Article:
App Game Gets Tougher For Developers

If making money from apps is tough now, it’s only going to get worse. That’s the upshot of a new Gartner report that estimates that by 2018, less than 0.01% of consumer mobile apps will be considered a financial success by their developers.
While the ever-growing number of mobile apps suggests an expanding opportunity for developers to strike it rich, the study indicates otherwise:
“Our analysis shows that most mobile applications are not generating profits and that many mobile apps are not designed to generate revenue, but rather are used to build brand recognition and product awareness or are just for fun. Application designers who do not recognize this may find profits elusive,” stated Ken Dulaney, vice president and analyst at Gartner.
The research firm projects that by 2017, nearly all (94.5%) of downloads will be for free apps, up from 91% last year. Among paid apps, 90% today are downloaded less than 500 times per day, making less than $1,250 a day on average. Those figures will only get worse for developers because of increasing competition, especially in successful markets.
Underscoring the growing shift away from paid apps, “Angry Birds” maker Rovio last month ditched paid titles in favor of a freemium model in which games are free to download, but include paid features to enhance game play. The games themselves have become a way to promote a wide variety of Angry-Birds-themed products, including theme parks, a recent Wall Street Journal story noted.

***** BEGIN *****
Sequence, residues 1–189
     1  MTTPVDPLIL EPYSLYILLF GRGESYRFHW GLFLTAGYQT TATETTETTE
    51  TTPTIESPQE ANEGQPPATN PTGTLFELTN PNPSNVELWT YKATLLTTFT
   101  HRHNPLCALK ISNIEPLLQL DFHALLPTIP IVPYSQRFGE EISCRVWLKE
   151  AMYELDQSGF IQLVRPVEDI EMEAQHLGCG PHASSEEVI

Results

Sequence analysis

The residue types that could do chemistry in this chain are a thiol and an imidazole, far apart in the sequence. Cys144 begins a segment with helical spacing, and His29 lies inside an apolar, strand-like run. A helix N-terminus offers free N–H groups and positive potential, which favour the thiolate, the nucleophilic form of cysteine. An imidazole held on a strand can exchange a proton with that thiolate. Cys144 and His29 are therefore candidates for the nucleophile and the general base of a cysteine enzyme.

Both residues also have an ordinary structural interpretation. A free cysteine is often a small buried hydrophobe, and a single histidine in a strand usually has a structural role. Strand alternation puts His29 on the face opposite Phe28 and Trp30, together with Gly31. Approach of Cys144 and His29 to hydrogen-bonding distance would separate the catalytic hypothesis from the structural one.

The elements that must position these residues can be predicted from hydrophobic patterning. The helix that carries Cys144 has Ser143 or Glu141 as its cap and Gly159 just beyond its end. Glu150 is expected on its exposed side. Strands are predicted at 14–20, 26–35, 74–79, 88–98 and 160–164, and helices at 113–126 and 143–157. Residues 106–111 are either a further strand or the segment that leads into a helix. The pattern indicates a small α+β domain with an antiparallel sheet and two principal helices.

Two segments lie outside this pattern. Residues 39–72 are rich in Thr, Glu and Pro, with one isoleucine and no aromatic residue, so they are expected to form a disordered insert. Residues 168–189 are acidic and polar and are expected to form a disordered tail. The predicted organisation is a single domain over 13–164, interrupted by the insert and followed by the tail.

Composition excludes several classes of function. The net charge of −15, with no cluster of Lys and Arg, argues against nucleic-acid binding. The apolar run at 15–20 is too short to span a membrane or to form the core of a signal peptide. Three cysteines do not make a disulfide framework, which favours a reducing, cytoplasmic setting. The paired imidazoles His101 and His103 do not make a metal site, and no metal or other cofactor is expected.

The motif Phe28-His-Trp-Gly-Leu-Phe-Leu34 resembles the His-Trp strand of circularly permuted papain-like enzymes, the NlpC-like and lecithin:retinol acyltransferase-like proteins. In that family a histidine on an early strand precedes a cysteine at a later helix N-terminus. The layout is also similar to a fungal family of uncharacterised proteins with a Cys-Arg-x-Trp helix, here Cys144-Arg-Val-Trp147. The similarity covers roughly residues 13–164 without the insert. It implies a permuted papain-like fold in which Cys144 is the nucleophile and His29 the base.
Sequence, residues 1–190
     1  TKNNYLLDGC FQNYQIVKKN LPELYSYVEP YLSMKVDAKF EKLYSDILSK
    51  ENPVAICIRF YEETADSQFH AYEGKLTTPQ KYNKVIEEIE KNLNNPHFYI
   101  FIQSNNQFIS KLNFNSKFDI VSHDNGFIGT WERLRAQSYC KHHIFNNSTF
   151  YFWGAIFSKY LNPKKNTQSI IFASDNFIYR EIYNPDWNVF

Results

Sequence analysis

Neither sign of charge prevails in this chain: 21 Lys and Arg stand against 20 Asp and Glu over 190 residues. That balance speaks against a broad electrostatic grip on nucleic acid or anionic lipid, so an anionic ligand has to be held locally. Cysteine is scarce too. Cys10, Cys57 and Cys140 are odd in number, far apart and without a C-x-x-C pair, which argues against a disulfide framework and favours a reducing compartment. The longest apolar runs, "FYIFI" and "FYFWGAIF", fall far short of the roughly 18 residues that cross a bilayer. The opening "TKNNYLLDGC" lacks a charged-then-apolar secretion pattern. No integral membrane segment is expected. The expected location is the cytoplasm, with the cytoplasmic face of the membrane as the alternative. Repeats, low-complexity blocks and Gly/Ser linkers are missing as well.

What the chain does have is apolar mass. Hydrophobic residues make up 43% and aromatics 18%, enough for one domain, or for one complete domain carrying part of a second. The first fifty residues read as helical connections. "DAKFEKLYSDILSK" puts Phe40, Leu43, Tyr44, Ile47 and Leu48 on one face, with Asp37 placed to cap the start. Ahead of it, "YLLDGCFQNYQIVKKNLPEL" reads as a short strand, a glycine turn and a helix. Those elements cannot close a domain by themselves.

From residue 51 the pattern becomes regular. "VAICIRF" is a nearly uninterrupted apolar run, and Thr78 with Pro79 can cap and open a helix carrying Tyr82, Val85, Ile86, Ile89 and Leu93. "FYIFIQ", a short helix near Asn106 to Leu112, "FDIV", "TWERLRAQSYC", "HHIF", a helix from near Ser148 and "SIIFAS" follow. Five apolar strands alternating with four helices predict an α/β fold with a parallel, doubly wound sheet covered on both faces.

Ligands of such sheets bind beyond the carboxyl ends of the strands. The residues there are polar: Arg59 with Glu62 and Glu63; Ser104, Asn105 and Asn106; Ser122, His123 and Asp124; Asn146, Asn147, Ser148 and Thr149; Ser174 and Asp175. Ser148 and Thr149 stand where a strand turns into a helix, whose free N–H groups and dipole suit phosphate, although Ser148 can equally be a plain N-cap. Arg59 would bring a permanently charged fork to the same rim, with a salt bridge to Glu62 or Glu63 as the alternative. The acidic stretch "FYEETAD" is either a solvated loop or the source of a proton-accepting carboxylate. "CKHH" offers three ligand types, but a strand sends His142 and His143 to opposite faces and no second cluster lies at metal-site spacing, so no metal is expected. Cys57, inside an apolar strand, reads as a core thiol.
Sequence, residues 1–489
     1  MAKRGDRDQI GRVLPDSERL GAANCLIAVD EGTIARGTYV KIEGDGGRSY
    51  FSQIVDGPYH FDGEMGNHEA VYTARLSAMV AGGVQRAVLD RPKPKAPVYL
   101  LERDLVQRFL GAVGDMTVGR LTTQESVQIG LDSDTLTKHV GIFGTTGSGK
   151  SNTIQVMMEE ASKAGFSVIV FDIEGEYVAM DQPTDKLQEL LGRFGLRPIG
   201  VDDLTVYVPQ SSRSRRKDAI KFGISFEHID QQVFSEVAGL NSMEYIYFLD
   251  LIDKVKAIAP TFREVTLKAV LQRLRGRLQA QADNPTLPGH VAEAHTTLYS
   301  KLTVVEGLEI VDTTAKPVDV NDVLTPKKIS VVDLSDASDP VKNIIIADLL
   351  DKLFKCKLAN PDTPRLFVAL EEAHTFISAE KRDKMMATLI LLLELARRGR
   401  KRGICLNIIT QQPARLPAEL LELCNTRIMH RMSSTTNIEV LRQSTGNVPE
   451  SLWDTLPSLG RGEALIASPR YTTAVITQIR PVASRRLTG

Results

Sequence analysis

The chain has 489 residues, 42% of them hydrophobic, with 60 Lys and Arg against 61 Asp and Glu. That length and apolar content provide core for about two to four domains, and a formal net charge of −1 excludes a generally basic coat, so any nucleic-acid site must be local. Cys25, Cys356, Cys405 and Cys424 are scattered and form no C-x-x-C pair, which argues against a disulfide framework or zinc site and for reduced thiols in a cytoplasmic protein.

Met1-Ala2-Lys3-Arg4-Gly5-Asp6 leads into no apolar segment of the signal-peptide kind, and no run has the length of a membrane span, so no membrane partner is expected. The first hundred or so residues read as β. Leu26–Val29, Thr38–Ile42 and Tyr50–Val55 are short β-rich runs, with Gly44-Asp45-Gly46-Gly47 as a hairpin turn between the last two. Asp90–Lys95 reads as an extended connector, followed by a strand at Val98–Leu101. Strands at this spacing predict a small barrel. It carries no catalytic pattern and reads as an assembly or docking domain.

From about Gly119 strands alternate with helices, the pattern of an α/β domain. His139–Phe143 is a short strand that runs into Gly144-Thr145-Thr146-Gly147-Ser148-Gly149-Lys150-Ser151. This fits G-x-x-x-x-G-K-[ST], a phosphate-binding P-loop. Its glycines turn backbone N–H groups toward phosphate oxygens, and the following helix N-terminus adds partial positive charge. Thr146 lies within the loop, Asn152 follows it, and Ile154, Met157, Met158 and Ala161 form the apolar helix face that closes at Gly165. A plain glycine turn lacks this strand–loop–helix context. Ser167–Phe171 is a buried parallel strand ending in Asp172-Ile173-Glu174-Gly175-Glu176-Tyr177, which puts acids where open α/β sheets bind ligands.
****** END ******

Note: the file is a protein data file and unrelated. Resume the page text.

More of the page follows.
For its part, Apple last week announced the App Store topped $10 billion in sales in 2013, generating $15 billion to date for developers, who typically receive 70% of sales. But among the 10 top-grossing apps in the App Store last year—all games—only Minecraft ($6.99) was a paid app. The App Store alone now offers 1 million apps for the iPhone,and another 500,000 tailored to the iPad.
Gartner described the mobile app market as “hyperactive,” with more than 200 companies creating app development platforms used by millions of developers building hundreds of thousands of new titles annually. The abundance of good, free titles has also set a high bar of what a paid app should be among consumers.
At the same time, the study noted the mobile browser is evolving from what it called a “thin rendering engine” to a sophisticated delivery platform running complex JavaScript applications. As a result, HTML5 will be the best option for creating apps that can deliver high-quality apps across operating systems.
"At least three platforms (Android, iOS and Windows) will gain significant market share in the smartphone, tablet and PC space, requiring many organizations to support multiple platforms for both consumer- and employee-facing applications," stated Dulaney. While many platform-neutral tools exist, these usually involve technical or commercial compromises, he added.
Gartner overall recommended that developers set realistic expectations for making money for their apps. They should also build apps for appropriate reasons, like driving people to their businesses, or for aftermarket opportunities.
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